PT 105, by Dick Keresy, naval Institute Press.
"On the way to the Galapagos, the 105 put on her own display of unsinkability. We were running through huge seas, which did not faze her as long as I was careful. Sure enough, I got careless on the down slope of a monster wave. The succeeding wave came along while her bow was still sliding down. All I had to do was "quarter" it, turn her bow so she would climb the oncoming wave at a slant, but I was gabbing with Ellis, the radioman. Too late, I watched in stunned silence as the bow disappeared in solid blue water, like a diving submarine. Water surged over the bow deck and rushed through the cockpit, yanking at my legs. Ellis saw it coming and ducked into the charthouse slamming the door behind him. The water rushed onwardto the stern and down the open engine room hatch. For a terrifying instant the 105 was entirely underwater. Then she popped out the other side of the wave. The engines, sitting in half a foot of water continued running with out a cough or sneeze. My fright was nothing compared to the kid in the engine room who sat on his perch above the three Packards and watched as seawater cascaded down in front of him. The 105 forged ahead as if going under, rather than over, the waves was all the same to her."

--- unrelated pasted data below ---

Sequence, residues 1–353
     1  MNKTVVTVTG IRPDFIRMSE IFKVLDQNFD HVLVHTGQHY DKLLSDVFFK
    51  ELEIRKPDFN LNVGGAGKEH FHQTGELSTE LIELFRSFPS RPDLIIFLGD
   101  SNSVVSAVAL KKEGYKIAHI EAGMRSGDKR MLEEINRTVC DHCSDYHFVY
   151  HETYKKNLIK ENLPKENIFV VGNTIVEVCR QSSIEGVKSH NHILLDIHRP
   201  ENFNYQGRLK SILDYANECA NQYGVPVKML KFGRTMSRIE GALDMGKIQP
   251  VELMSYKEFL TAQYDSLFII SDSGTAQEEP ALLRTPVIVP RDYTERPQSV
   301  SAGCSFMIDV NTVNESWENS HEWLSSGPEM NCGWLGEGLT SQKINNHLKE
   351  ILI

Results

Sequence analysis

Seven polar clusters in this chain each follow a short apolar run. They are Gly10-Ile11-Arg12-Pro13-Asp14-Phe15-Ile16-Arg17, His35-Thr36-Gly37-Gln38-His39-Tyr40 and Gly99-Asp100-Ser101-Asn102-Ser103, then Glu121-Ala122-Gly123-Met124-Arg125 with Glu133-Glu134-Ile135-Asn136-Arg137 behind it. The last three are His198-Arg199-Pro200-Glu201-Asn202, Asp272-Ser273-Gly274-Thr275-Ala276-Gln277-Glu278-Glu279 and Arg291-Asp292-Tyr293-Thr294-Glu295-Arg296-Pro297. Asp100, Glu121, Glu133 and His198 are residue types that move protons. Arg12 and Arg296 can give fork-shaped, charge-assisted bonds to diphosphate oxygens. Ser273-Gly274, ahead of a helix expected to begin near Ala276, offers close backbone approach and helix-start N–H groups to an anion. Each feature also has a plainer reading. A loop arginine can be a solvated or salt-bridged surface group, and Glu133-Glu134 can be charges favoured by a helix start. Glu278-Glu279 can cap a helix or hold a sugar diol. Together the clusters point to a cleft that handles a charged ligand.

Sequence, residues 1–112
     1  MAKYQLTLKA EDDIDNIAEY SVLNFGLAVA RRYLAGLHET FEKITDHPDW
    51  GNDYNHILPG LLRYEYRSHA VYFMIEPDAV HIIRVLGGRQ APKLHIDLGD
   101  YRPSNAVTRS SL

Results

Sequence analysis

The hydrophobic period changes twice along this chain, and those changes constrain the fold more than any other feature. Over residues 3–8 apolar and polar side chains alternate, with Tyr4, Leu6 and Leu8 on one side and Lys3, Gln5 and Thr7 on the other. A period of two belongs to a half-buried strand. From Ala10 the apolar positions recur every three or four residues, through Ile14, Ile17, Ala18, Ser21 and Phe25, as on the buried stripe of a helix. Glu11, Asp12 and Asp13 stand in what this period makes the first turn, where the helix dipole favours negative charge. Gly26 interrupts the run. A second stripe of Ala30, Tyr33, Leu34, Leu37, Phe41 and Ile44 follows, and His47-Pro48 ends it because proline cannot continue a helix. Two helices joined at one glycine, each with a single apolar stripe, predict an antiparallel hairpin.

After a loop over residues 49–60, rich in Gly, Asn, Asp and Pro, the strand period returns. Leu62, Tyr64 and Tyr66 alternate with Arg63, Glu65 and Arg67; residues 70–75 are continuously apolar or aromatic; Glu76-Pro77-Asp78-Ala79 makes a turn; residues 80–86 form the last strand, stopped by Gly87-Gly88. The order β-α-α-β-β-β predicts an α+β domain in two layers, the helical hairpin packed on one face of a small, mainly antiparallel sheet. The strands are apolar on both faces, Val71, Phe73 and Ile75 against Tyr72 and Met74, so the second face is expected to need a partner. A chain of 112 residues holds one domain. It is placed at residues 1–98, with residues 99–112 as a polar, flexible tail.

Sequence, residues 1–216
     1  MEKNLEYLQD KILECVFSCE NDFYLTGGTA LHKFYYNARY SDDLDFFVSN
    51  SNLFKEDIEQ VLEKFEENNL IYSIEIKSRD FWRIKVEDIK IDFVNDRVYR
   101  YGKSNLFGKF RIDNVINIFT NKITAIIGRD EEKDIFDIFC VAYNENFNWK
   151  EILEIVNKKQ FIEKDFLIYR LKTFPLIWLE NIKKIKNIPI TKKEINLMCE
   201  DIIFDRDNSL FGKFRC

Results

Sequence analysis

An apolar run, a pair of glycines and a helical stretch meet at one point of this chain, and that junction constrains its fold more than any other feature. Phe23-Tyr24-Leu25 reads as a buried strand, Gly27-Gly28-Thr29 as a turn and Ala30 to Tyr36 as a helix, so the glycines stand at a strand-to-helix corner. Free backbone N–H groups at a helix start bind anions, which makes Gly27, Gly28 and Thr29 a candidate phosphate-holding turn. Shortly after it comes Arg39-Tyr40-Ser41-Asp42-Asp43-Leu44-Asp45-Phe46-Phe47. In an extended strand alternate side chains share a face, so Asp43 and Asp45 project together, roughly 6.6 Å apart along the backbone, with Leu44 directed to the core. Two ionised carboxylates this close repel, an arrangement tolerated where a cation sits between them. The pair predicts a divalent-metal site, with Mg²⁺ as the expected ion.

“So we beat on, boats against the current, borne back ceaselessly into the past.”